Intramarket Sector Spread

AAA

DEFINITION of 'Intramarket Sector Spread'

The yield spread between two fixed-income securities with the same maturity, within the same sector. The intramarket sector spread can be used to compare relative credit ratings between companies within the same sector. This is due primarily to the fact that firms issuing debt with an equal term, all else held constant, will only exhibit yield differences as a result of their credit ratings.

INVESTOPEDIA EXPLAINS 'Intramarket Sector Spread'

For example, a yield discrepancy between two transportation corporate bonds with the same maturity, would constitute an intramarket-sector spread. If at issuance the bonds trade with an equal coupon (yield) and down the road a spread develops between the two bonds, the most probable reason would be a change in credit rating for one of the firms.

RELATED TERMS
  1. Coupon

    The interest rate stated on a bond when it's issued. The coupon ...
  2. Bond

    A debt investment in which an investor loans money to an entity ...
  3. Credit Rating

    An assessment of the credit worthiness of a borrower in general ...
  4. Intermarket Spread Swap

    A swap transaction meant to capitalize on a yield discrepancy ...
  5. Sector

    1. An area of the economy in which businesses share the same ...
  6. Workout Period

    The period of time when temporary yield discrepancies between ...
RELATED FAQS
  1. What is the relationship between the current yield and risk?

    The general relationship between current yield and risk is that they increase in correlation to one another. A higher current ... Read Full Answer >>
  2. Why would a corporation issue convertible bonds?

    A convertible bond represents a hybrid security that has bond and equity features; this type of bond allows the conversion ... Read Full Answer >>
  3. What is a 'busted' convertible bond?

    In finance, a convertible bond represents a hybrid security that offers debt and equity features and risks. While a convertible ... Read Full Answer >>
  4. Who or what is backing municipal bonds?

    Municipal bonds are backed by dedicated taxes or revenue sources related to specific projects, or by the full faith and credit ... Read Full Answer >>
  5. What are the differences between debt and equity markets?

    The basic differences between the debt and equity markets include the type of financial interest they represent, the way ... Read Full Answer >>
  6. What does it signify if the term structure of an interest rate's curve is positive?

    When the term structure of interest rates is positive, it is a signal to economists the short-term yields on similar bonds ... Read Full Answer >>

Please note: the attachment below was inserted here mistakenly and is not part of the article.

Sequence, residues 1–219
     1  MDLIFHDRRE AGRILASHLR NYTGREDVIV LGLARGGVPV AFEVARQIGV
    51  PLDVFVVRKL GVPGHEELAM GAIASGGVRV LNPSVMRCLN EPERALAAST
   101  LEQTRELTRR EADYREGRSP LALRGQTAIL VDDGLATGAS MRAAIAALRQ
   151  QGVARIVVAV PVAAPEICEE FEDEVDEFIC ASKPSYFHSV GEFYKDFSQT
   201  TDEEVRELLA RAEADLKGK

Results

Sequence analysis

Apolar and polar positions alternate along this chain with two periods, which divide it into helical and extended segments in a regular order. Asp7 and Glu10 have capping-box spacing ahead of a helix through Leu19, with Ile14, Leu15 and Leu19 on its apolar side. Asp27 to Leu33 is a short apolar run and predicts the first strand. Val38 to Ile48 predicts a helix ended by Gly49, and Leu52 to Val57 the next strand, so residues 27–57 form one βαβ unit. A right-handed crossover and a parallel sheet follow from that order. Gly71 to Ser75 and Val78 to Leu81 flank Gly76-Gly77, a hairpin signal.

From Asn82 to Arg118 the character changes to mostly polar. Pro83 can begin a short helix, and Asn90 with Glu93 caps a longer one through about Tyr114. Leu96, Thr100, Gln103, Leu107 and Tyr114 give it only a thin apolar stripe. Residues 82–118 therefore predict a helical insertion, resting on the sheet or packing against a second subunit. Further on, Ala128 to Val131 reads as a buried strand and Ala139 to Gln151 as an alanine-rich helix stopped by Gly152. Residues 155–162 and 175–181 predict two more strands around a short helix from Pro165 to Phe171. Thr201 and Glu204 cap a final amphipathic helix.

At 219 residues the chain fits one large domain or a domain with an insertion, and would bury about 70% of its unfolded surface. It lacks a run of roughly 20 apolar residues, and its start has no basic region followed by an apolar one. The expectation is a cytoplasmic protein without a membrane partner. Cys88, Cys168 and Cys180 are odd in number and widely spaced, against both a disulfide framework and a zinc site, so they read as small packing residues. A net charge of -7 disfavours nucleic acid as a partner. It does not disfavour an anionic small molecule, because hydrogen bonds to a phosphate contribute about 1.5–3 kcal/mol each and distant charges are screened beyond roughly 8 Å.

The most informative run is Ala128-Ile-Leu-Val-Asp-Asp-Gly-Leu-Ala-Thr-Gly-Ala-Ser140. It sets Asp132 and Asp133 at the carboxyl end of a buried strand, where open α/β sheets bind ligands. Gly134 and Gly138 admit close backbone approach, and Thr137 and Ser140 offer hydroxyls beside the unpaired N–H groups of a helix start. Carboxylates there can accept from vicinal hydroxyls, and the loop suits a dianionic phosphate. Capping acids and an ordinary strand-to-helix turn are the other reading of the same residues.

Related Articles
  1. Investing Basics

    Achieving Optimal Asset Allocation

    Minimizing risk while maximizing return is any investor's prime goal. The right mix of securities is the key to achieving your optimal asset allocation.
  2. Investing Basics

    How To Create A Modern Fixed-Income Portfolio

    Exposure to different asset classes is required to generate income, reduce risk and beat inflation. Find out how bonds can help.
  3. Bonds & Fixed Income

    Introduction To Convertible Preferred Shares

    These securities offer an answer for investors who want the profit potential of stocks but not the risk.
  4. Mutual Funds & ETFs

    The Bond Market: A Look Back

    Find out how fixed-income investments evolved in the past century and what it means today.
  5. Bonds & Fixed Income

    Asset Allocation In A Bond Portfolio

    An investor's fixed-income portfolio can easily beat the average bond fund. Learn how and why!
  6. Options & Futures

    Common Bond-Buying Mistakes

    Avoid these errors made daily in bond portfolios everywhere.
  7. Retirement

    Are You A Disciplined Investor?

    Don't let "financial porn" steer you away from a sensible, long-term approach to investing.
  8. Mutual Funds & ETFs

    ETF Analysis: Vanguard Total Bond Market

    Learn about the Vanguard Total Bond Market exchange-traded fund, its primary portfolio holdings and risk/reward profile based on its past performance.
  9. Bonds & Fixed Income

    What are Floating-Rate Notes?

    A floating-rate note is a debt instrument with an interest rate that “floats,” or varies. They are also called floaters.
  10. Investing

    Five Portfolio Moves For The Second Half

    After a relatively calm few months, market volatility is back. If you are an investor, we help you prepare your portfolio with these five portfolio moves.

You May Also Like

Hot Definitions
  1. Xetra

    An all-electronic trading system based in Frankfurt, Germany. Launched in 1997 and operated by the Deutsche Börse, the Xetra ...
  2. Nuncupative Will

    A verbal will that must have two witnesses and can only deal with the distribution of personal property. A nuncupative will ...
  3. OsMA

    An abbreviation for Oscillator - Moving Average. OsMA is used in technical analysis to represent the variance between an ...
  4. Investopedia

    One of the best-known sources of financial information on the internet. Investopedia is a resource for investors, consumers ...
  5. Unfair Claims Practice

    The improper avoidance of a claim by an insurer or an attempt to reduce the size of the claim. By engaging in unfair claims ...
  6. Killer Bees

    An individual or firm that helps a company fend off a takeover attempt. A killer bee uses defensive strategies to keep an ...
Trading Center
×

You are using adblocking software

Want access to all of Investopedia? Add us to your “whitelist”
so you'll never miss a feature!